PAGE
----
Ten Reasons for drop in Car Ownership

Ten Reasons for drop in Car Ownership

Smartphone map app

U.S. Car Ownership Drops by 3.5 Million in 2009

In the United States, we embarrassingly have more vehicles than people with driver’s licenses. We have 246 million vehicles. AAA estimates that it costs $8,000 per year for each car owned, which creates a financial burden on cash-strapped Americans.

To the rescue are 10 positive trends that helped Americans scrap 14 million cars in 2009, while only buying 10.5 million new ones. The 2009 drop was the only large decline in the past 50 years shows the U.S. Department of Transportation.

1.    Urban Density. For the first time, most Americans live in urban areas where they need fewer cars, have better public transit, can share cars, and accomplish more trips with walking.

2.   Public Transit. Americans made 11 billion trips on U.S. transit in 2008, a 50-year record. Use dropped only slightly despite transit operators being forced to cut some routes and remove buses as the recession drove down local sales tax revenues needed for public transit.

3.    Smart Growth. Community and regional planners are making cities vibrant, with work, services, and play close at hand. Portland, Oregon, is a role model in creating urban density and great public transportation. California with SB375 is requiring regional plans that integrate development, transportation, and greenhouse gas reduction.

4.    One Car Households. The average suburban U.S. household has two vehicles. Some more. The average urban U.S. household has one vehicle. More American families and roommates are going from three cars to two cars to one car.

5.    Employer Commute and Flexwork Programs. Major employers are saving employees billions in travel costs. Employers sponsor ride sharing, last mile shuttles from transit, and guaranteed ride homes. Some employers have web sites and lunch-and-learns to help employees in the same zip codes match-up for car pooling. 57 million Americans work at home, at least part-time, with the help of flexwork programs. Employer programs have helped with reduced car ownership.

6.    Recession. The recession dispelled the myth that demand for cars and gasoline is price inelastic. When consumers are stretched, demand is elastic. About 20 percent of a U.S. carowner’s disposable income is spent on the car, maintenance, insurance, and fuel. Oil prices have more than doubled since their bottom in March 2009. The era of cheap gasoline is over as producers go to more expensive techniques such as deep oil drilling and strip mining Canada for tar sands.

7.    Cash for Clunkers removed 700,000 vehicles from the U.S. roads.

8.    Rail Connected. City transit is enhanced with regional commuter rail and with rail connected cities. Our latest World Series was dubbed the “Amtrak Series” as fans easily whisked between New York and Philadelphia. Rail connects the transit systems of cities into effective regional transportation. Fewer cars are needed. Yes, the United States lags behind Europe and Japan. Even China is implementing 5,000 miles of high speed rail. Given small hope, suburban rail and rail connected cities are on the rise in parts of the United States. APTA Center for High-Speed Rail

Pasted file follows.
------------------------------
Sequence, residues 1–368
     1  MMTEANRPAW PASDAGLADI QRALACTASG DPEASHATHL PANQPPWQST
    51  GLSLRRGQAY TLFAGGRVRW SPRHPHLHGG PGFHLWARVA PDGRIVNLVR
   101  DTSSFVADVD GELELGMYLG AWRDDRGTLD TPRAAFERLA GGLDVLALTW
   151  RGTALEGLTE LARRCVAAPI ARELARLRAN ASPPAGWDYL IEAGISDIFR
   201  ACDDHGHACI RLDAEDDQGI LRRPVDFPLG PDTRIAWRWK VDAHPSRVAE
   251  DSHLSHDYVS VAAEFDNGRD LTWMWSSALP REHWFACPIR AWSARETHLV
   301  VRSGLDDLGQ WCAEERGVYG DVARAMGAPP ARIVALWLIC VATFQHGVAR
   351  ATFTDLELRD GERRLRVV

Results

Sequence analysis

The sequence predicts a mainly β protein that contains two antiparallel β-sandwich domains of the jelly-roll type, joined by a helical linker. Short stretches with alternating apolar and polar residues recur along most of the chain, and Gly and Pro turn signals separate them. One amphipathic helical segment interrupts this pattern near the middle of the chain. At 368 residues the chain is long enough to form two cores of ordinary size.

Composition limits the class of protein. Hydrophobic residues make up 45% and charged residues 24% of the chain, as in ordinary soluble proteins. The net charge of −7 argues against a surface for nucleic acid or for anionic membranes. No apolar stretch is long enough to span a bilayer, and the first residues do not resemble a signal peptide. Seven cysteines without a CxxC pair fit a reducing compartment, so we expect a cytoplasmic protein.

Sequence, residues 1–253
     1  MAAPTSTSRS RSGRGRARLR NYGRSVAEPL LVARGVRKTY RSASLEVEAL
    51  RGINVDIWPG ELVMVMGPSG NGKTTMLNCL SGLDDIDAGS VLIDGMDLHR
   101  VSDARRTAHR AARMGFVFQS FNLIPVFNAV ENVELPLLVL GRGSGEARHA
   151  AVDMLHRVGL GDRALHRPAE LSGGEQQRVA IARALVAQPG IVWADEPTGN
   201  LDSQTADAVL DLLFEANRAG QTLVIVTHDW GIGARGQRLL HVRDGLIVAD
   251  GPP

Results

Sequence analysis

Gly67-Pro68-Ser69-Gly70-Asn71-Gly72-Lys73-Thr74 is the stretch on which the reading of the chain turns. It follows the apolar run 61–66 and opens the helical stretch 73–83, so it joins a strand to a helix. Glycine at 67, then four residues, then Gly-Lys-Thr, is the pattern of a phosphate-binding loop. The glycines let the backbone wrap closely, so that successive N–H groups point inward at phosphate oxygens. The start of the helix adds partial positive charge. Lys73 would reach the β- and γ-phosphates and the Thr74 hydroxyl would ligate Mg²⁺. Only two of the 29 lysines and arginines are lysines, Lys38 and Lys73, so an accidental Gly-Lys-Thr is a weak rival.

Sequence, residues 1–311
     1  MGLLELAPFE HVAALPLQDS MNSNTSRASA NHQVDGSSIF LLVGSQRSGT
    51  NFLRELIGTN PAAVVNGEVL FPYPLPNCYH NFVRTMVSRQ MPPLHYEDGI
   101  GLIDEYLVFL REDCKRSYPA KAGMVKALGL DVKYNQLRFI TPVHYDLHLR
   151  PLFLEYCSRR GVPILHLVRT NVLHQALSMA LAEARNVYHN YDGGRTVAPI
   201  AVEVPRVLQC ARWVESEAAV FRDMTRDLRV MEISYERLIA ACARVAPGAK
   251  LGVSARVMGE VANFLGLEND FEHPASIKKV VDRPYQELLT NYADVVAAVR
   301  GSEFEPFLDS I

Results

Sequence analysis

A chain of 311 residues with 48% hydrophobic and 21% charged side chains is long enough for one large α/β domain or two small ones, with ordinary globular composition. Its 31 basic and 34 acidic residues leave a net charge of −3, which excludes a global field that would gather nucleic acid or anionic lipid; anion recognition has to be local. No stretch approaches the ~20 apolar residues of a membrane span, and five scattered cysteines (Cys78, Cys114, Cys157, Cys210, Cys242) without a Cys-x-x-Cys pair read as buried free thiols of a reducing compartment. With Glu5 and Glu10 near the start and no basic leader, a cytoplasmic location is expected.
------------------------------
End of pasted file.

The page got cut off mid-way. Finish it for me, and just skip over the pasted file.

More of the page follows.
9.    Car Sharing. In 600 global cities, cars can be used by the hour.  Car sharing is popular with individuals and fleets. At many university and colleges, students with good grades can participate at age 18. Add transit and bicycling and many students live car free. Zipcar’s  350,000 members each take over 15 personally owned vehicles off the road. Members of Zipcar and car sharing programs report a 47% increase in public transit trips, a 10% increase in bicycling trips, and a 26% increase in walking trips. The success of car sharing has lead to success of bicycle sharing in Europe, giving millions last mile solutions between transit stations and employers and other city destinations.

10.    Intermodal Intelligence. Internet savvy people now use Google Maps, 511, car share apps, and smart phone GPS apps to compare car directions and time with public transit directions and time. With a few clicks on a social network a shared ride is arranged, or a shared car reserved. In the old millennium we got everywhere by solo driving in gridlock. In the new millennium we plan and use a mix of car driving, transit, and other modes to save time and money.

Zipcar Launches “FastFleet” First Integrated Service for Public Sector Vehicle Fleets

Zipcar Launches “FastFleet” First Integrated Service for Public Sector Vehicle Fleets

FastFleet by Zipcar

FastFleet by Zipcar

(5/6/09) Washington D.C. first to optimize fleet programs allowing managers to eliminate cars, save money and reduce emissions

PRNewswire — Zipcar today announced FastFleet by Zipcar, a new service that enables government and other fleet managers to save money, reduce risk and promote sustainability. With FastFleet, for the first time, fleet operators may leverage the same technology that powers Zipcar’s consumer fleet. Washington, D.C., which is the first city in the country to adopt the system, estimates it has saved more than $300,000 during a four month pilot of FastFleet. As expansion plans are underway, the District of Columbia estimates it will save more than $1 million in the first 12 months.

“I believe that technology can be used to create efficiency and save taxpayer money,” said Washington D.C. Mayor Adrian M. Fenty. “FastFleet has allowed us to better optimize our fleet and we will continue to evaluate our existing fleet and look for additional cost saving opportunities.”

Nationally, approximately 4 million vehicles currently are deployed across thousands of fleets within local, state and federal governments. Typically, fleets are sized to meet peak demand, which means on a daily basis thousands of these cars and trucks sit idle. FastFleet’s smart, secure vehicle access enables fleet administrators to easily transition from inefficient, dedicated vehicles, to high efficiency shared vehicles with no reduction in availability for drivers. Additionally, FastFleet-equipped vehicles can be located in a distributed network of locations, instead of a centralized “depot”. Employees use an intuitive reservation system over the web, phone or mobile device, to select and reserve vehicles. A swipe of a wallet size access card unlocks the doors of a reserved vehicle, courtesy of an integrated card reader mounted under the windshield.

“At a time when governments across the country are being asked to do more with less, FastFleet makes it easy for them to quickly and easily reduce costs while still meeting the mobility needs of their employees,” said Scott Griffith, Zipcar’s chairman and CEO. “FastFleet by Zipcar is a new model of efficiency, cost savings and environmental benefit for fleet managers. This is a national roll-out of a new Zipcar line of business.”